In his seminal paper on demand characteristics, Orne (1962) speculated that, under mostcircumstances, participants are motivated to be “good subjects” or confirm the experimenter’shypothesis because they value science and want to contribute. Research indicates that figuring outthe point of the study or the experimenter’s hypothesis (Sawyer, 1975), knowledge of being observed(Kiley, 1974; see McCambridge, de Bruin, & Witton, 2012), and suggestive communication from theexperimenter (e.g., Navarick, 2004, 2007; Nichols & Maner, 2008; Stern, Saayman, & Touyz, 1978),influence the behavior of research participants. With respect to the latter, Orne (1962) conjecturedthat implicit suggestions would be more likely to elicit hypothesis-consistent responding comparedto explicit communication. However, Navarick (2004, 2007) found that openly communicating theexperimenter’s preference for a participant’s response and that a certain participant response wouldhelp the researchers with data analysis, produced responding in the advocated direction. Stern et al.(1978) utilized more subtle demand characteristics informing participants in a nocturnal dreamstudy that previous testing indicated a tendency to dream about a particular type of locality (e.g.,urban or outdoor-nature). Analysis of dream journals indicated dream content consistent with thesuggestion.
Critics have long speculated about the presence of demand characteristics in the Stanford prisonexperiment (Banuazizi & Movahedi, 1975; Banyard, 2007; Haslam & Reicher, 2007; Haslam &Reicher, 2012, 2017). Banuazizi and Movahedi (1975) surveyed 150 college students in the Bostonarea about their expectations regarding a prison simulation study. Students were provided informa-tion similar to that given to Stanford prison experiment participants, including the original adsoliciting participants, a description of the rights and privileges one would have to give up asa participant (e.g., stay in prison for one to two weeks; consent to be under surveillance), and anaccount of the arrest and booking procedures (e.g., participants are arrested, blindfolded, and sent tothe prison). After giving participants the above information, Banuazizi and Movahedi probed forawareness of the experimenter’s expectations regarding the outcome and asked participants abouttheir expectations regarding guard behavior. Results indicated that 81% were able to deduce thepoint of the experiment, and nearly 90% predicted hostile and oppressive behavior on the part of theguards (this dropped to roughly 50% when participants were asked how they would respond asguards).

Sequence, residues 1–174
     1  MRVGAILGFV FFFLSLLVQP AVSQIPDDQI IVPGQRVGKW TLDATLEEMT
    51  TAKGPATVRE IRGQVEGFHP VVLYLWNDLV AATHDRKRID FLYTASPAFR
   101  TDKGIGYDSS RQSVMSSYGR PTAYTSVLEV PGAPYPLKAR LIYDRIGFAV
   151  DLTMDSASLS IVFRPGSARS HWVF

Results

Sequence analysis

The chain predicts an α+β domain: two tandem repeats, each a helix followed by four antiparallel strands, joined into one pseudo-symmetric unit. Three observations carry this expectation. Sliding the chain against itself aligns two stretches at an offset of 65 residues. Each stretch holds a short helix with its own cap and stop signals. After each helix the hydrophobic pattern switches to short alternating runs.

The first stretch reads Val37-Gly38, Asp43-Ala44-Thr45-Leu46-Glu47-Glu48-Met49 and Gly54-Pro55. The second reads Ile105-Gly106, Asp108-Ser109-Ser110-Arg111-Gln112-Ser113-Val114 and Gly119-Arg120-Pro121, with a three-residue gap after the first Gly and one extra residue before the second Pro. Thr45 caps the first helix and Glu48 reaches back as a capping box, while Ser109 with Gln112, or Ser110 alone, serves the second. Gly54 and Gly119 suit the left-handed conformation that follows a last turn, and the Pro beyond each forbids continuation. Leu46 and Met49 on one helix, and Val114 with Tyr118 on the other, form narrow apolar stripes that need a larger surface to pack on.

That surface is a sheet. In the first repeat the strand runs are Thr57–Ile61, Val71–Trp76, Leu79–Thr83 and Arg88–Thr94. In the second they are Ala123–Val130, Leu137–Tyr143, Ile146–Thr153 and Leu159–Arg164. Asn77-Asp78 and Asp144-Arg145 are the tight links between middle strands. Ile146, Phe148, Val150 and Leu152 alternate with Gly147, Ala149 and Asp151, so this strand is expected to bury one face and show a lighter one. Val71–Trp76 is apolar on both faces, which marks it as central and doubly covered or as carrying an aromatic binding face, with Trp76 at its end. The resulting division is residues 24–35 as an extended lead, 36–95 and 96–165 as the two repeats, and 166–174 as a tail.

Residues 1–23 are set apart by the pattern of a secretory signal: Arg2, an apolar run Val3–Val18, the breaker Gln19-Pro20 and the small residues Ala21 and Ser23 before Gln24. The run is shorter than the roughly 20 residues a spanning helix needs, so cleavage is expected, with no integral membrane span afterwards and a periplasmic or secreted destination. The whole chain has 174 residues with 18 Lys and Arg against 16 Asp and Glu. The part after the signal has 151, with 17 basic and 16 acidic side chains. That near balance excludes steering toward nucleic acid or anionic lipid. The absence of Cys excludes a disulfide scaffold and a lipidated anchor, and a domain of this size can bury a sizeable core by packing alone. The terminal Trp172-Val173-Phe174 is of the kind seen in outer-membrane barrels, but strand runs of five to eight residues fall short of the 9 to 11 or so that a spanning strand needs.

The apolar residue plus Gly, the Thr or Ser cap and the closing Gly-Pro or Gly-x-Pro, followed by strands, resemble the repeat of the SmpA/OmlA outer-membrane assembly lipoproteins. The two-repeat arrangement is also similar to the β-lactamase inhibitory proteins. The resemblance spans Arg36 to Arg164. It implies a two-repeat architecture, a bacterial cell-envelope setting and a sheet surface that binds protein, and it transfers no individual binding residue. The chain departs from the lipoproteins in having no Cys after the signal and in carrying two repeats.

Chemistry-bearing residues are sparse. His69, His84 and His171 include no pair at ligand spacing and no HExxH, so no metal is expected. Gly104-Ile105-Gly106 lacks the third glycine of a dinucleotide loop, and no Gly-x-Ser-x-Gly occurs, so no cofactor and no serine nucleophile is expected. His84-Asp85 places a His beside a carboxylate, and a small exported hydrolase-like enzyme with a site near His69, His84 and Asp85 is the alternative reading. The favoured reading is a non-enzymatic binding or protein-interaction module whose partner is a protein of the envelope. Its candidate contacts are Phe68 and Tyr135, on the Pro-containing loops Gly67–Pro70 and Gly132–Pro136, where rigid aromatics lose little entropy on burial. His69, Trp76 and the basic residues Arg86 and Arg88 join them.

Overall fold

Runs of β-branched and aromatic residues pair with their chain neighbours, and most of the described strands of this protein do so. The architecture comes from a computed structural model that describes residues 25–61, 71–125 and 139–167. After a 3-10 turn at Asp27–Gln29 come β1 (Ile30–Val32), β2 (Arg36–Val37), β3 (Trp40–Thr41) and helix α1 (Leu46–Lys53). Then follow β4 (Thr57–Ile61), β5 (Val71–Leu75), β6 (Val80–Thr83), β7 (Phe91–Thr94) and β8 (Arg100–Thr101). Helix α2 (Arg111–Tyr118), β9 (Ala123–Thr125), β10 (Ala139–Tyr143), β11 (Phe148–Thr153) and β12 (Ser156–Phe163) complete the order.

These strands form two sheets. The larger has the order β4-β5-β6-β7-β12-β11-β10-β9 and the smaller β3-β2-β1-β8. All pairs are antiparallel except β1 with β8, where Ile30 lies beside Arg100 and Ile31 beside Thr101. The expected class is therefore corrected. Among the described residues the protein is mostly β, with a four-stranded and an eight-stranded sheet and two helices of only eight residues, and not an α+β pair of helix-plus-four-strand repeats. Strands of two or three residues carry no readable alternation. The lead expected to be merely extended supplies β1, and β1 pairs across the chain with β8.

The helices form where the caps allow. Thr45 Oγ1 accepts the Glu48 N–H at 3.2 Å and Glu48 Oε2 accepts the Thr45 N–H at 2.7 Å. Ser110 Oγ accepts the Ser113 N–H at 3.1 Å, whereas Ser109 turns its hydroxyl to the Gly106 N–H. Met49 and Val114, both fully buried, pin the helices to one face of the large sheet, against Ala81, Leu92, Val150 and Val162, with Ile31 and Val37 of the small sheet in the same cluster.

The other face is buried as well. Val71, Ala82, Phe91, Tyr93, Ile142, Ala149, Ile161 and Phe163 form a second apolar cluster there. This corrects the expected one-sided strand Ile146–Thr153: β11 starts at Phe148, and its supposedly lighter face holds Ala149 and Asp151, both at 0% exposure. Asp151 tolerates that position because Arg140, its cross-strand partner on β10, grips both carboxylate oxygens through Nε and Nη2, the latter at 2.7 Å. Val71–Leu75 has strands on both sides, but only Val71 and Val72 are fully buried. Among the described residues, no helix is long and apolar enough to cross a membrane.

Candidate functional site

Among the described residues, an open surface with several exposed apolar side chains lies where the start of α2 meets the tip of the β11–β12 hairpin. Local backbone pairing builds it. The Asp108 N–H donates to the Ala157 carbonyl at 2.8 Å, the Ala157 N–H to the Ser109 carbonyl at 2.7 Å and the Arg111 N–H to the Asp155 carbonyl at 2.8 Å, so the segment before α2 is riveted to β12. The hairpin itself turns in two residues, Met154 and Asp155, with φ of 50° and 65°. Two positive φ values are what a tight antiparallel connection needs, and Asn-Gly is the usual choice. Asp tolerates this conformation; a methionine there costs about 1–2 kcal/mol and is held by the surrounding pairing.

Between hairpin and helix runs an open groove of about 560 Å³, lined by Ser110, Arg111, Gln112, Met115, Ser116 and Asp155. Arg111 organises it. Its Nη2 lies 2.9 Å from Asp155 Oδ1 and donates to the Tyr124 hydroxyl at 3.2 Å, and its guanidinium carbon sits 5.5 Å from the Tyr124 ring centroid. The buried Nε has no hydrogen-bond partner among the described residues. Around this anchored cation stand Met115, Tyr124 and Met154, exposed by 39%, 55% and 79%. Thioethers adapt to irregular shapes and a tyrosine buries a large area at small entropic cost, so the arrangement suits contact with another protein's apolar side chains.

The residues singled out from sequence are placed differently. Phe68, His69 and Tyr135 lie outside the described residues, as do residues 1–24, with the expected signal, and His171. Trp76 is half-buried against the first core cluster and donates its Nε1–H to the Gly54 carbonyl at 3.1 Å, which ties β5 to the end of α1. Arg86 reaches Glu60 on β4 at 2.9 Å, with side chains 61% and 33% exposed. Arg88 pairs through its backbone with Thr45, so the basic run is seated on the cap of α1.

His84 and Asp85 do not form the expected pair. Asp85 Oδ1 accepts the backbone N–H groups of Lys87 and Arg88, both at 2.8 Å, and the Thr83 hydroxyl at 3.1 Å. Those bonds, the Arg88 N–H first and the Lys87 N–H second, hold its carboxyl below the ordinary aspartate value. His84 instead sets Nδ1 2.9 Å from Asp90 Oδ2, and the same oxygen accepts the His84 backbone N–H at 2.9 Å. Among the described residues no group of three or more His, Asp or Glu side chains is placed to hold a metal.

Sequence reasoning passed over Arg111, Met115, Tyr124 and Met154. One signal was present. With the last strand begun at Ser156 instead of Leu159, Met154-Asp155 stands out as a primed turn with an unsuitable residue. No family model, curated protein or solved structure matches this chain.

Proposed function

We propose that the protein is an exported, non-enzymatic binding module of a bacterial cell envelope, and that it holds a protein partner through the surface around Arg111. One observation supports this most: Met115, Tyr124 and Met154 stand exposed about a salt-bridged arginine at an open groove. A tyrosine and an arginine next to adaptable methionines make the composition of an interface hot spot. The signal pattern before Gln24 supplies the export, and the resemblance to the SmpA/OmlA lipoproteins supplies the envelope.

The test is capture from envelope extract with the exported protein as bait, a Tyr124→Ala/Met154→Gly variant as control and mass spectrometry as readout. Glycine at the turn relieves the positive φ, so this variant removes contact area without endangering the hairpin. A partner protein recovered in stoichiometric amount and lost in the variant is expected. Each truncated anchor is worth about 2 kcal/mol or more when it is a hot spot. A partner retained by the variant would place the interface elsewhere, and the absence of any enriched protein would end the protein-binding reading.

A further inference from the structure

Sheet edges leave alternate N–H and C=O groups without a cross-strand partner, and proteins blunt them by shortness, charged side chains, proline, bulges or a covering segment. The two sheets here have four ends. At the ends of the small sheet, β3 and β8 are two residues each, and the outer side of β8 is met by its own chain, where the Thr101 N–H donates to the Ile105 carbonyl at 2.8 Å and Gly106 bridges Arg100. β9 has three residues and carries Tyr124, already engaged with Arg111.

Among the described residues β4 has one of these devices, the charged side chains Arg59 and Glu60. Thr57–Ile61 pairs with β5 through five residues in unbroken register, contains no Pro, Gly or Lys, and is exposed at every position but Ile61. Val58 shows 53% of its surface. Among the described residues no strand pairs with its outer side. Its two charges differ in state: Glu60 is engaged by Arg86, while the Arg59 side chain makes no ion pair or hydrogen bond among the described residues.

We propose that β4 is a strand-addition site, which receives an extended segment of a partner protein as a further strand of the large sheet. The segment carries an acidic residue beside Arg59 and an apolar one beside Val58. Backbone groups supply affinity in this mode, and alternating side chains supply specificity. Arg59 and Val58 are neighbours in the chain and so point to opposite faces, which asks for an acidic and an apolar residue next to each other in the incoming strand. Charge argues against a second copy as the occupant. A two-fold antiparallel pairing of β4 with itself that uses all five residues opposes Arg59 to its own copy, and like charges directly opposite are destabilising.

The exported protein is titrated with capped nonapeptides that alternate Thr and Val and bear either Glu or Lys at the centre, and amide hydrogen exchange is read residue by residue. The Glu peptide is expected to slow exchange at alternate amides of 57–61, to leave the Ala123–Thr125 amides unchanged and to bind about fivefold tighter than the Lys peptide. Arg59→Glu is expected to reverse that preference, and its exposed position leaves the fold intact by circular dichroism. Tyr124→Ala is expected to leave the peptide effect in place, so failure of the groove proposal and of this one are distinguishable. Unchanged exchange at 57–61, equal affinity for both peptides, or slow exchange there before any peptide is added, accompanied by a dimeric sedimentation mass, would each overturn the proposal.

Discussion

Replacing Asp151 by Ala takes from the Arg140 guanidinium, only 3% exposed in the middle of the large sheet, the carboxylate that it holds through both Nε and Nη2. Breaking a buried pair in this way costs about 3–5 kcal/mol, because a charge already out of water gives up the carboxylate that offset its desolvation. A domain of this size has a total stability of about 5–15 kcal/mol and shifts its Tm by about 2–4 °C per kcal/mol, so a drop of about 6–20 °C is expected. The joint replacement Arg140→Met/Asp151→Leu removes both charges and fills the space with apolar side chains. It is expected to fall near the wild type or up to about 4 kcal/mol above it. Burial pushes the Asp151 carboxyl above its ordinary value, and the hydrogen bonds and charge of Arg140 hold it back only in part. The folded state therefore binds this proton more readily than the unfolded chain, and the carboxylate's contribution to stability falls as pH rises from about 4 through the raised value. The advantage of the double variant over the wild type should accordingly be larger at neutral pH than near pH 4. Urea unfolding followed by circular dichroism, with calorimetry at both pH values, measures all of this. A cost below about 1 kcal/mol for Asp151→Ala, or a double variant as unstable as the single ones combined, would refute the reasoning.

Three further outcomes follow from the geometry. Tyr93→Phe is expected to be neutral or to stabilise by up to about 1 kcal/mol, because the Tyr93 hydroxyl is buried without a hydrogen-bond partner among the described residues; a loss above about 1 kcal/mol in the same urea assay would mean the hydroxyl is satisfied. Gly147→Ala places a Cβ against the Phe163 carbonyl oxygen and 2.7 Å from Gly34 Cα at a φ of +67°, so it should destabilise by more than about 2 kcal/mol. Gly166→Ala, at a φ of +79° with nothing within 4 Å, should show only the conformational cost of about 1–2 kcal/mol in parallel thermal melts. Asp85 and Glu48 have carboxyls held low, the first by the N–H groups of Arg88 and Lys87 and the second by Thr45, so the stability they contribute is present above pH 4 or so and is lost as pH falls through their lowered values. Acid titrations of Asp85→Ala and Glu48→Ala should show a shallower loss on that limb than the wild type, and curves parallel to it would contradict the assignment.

Decades after the Banuazizi and Movahedi (1975) publication, critics would highlight anotherpotential source of demand characteristics in the Stanford prison experiment, the guard orientation.The day before the study began, the principal investigator held an orientation session for the guards,in which he, as prison Superintendent, explained the purpose of the study, what they were able to doas guards, and what to expect in terms of prisoner behavior. The guards were told the following:
We can create boredom. We can create a sense of frustration. We can create fear in them, to some degree. Wecan create a notion of the arbitrariness that governs their lives, which are totally controlled by us, by the system,by you, me. … They’ll have no privacy at all, there will be constant surveillance–nothing they do will gounobserved. They will have no freedom of action. They will be able to do nothing and say nothing that we don’tpermit. We’re going to take away their individuality in various ways. … In general, what all this should create inthem is a sense of powerlessness. We have total power in the situation. They have none. (Zimbardo,2007, p. 55).
Haslam and Reicher (2007) note that the above instructions amount to “details of how to oppress theprisoners” (p. 618). It is not only the guidance itself, but the manner in which it is delivered that isproblematic. Note the references to “we” in the above quote. The effect, according to Haslam and

Reicher (2007), is the “invocation and management of a shared social identity” (p. 618). Suggestivelanguage is evident later in the orientation session as well as guards were informed that prisoners arenot going to take the study seriously (i.e., Prisoners think this is all going to be fun and games…)that the study might not last two weeks (i.e., We don’t know how long it’s going to run…) and thatthe investigators want the study to have an impact (i.e., We’d like it [the study] to have a real impactfrom the beginning…; Zimbardo, 1971). The content of guard orientation raises doubt about theextent to which the Stanford prison experiment guards were writing “their own scripts on the blankcanvass of the SPE [Stanford prison experiment]” as opposed to operating according to a “script ofterror” (Banyard, 2007, p. 494).